People: Chevron’s statement that “Shale Gas Needs to Be Good for Everyone” is signed off on by two people: the Chairman of the Department of Civil and Environmental Engineering at the University of Pittsburgh and the company’s vice president of the Appalachian/Michigan Business Unit. Nothing against these particular people, but doesn’t a statement like this call for a message from the CEO? Plus, not many readers will know about the Marcellus Shale development in Pennsylvania – presumably the reason Chevron included these people. IBM, on the other hand, substantiates its message by including a reference to how 3M is “using the cloud to analyze image design based on eye movement.”
CSR Marketing P #2: Make sure people or examples that are credible and inspiring are featured in your social communications.
Programs: The Chevron campaign is new so it’s hard to say whether or not the company has committed to a strategic program-based approach to this aspect of “Human Energy” or if this is just a tactical promotion that may be an attempt to counter the message of Promised Land, Gus Van Sant’s controversial new film that follows two corporate salespeople who visit a rural town in an attempt to buy drilling rights from local residents. Smarter Planet, on the other hand, is a program that IBM launched in 2008 that, according to Wikipedia, “seeks to highlight how forward-thinking leaders in business, government and civil society around the world are capturing the potential of smarter systems to achieve economic growth, near-term efficiency, sustainable development and societal progress.”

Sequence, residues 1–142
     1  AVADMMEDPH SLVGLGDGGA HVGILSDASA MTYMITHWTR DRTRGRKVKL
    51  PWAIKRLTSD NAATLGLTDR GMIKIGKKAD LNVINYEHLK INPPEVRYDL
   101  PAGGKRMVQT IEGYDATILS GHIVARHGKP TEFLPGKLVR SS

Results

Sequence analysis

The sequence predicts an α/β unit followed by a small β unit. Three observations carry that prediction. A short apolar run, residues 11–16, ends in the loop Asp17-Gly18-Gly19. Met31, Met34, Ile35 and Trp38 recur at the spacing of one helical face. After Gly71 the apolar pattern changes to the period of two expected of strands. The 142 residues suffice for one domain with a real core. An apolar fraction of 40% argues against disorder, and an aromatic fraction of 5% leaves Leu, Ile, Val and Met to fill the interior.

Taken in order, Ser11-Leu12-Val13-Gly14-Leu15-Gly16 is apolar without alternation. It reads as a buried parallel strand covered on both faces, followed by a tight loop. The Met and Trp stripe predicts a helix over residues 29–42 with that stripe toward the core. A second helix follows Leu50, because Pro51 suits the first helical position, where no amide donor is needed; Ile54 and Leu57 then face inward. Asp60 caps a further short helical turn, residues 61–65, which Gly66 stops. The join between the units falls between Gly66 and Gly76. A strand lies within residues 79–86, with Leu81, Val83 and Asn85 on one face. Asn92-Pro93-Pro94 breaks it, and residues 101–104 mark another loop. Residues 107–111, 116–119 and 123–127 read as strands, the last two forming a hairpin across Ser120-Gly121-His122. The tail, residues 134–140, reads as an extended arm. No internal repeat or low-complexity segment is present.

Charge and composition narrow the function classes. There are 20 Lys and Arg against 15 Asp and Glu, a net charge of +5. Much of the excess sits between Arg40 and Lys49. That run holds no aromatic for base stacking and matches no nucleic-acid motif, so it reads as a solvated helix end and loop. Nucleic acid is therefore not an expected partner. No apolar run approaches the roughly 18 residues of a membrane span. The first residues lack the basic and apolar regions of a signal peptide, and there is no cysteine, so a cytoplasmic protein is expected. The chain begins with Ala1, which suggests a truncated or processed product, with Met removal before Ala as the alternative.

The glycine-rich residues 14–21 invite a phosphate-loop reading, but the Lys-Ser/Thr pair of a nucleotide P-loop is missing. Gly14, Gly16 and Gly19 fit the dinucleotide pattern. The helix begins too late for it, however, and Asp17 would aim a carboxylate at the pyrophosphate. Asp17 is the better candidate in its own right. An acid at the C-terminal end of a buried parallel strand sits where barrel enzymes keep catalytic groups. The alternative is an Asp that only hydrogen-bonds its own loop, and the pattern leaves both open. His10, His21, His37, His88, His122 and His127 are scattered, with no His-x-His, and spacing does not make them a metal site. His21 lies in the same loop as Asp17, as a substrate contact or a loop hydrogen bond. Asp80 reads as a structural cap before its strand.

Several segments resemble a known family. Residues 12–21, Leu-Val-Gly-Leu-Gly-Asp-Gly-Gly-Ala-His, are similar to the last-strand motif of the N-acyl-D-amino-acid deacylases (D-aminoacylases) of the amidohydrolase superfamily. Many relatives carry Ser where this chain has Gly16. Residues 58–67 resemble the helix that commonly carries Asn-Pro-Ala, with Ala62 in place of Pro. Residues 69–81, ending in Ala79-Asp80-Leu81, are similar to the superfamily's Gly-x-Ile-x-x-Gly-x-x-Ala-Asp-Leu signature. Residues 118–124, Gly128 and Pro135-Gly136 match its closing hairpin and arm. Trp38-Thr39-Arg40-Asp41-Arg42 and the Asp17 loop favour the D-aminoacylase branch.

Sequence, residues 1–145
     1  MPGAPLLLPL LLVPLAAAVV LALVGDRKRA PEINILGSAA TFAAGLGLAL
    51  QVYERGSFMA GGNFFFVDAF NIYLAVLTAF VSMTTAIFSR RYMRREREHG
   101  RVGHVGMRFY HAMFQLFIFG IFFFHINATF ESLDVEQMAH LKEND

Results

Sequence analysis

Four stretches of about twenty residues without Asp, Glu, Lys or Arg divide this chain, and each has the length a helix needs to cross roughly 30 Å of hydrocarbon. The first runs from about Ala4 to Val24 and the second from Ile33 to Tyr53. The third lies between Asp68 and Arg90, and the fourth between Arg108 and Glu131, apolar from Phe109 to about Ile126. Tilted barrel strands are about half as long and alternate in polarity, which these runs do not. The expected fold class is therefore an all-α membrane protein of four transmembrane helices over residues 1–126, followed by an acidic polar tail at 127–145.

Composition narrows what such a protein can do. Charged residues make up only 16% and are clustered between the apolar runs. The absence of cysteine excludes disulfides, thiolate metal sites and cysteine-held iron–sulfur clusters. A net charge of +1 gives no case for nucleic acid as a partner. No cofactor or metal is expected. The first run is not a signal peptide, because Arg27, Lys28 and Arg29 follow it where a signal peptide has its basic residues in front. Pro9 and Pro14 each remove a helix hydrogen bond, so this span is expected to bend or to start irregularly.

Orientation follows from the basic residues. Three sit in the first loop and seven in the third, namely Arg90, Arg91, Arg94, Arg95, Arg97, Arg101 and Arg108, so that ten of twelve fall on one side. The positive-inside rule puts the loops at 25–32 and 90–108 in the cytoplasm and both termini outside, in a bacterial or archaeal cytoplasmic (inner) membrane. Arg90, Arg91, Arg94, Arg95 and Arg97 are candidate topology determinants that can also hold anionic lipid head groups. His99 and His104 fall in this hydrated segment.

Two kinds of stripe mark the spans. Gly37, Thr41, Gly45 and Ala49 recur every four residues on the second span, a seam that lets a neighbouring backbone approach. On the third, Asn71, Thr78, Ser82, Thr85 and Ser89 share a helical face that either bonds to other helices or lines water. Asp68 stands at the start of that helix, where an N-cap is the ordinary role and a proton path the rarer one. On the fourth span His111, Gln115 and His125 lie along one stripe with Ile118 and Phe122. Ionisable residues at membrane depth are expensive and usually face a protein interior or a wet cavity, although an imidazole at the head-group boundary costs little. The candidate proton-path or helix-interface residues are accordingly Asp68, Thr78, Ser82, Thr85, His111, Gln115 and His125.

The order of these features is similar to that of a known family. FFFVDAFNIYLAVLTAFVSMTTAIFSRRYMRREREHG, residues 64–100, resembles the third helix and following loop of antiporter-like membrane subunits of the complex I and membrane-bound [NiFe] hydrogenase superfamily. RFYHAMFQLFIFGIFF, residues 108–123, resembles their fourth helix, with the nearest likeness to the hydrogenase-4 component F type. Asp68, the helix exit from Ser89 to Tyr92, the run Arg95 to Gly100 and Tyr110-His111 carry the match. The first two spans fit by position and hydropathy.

CSR Marketing P #3: Only undertake corporate communications about social initiatives that are program-based and substantive. Cause-related promotions will be seen as opportunistic and can damage your reputation.
Partners: Last week, Chevron’s ad in The Atlantic also got the attention of the environmental journalist Richard Schiffman in The Guardian, “Chevron’s ad in the Atlantic is co-signed by Bruce Niemeyer, a vice-president of the corporation and Radisav Vidic, a professor of environmental engineering at the University of Pittsburgh,” wrote Schiffman. “Professor Vidic’s office sits a stone’s throw from the Chevron Science Center, a 15-storey state-of-the-art chemistry laboratory and teaching facility made possible by the philanthropically-minded corporation.”
CSR Marketing P #4: Only include partners in your social communications if they are credible and won’t be seen to be in a conflict of interest with your program and message.
If your business doesn’t live up to these four Ps, I wouldn’t recommend spending your money on external communications. Better to first understand the DNA of what you’re doing and why and focus on engaging your employees.
According to the Boss, you should “Talk about a dream, try to make it real.” I couldn’t agree more.
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KEYWORDS: People, Social Action & Community Engagement, Chevron, IBM, csr, communications, sustainability, Energy, smarter planet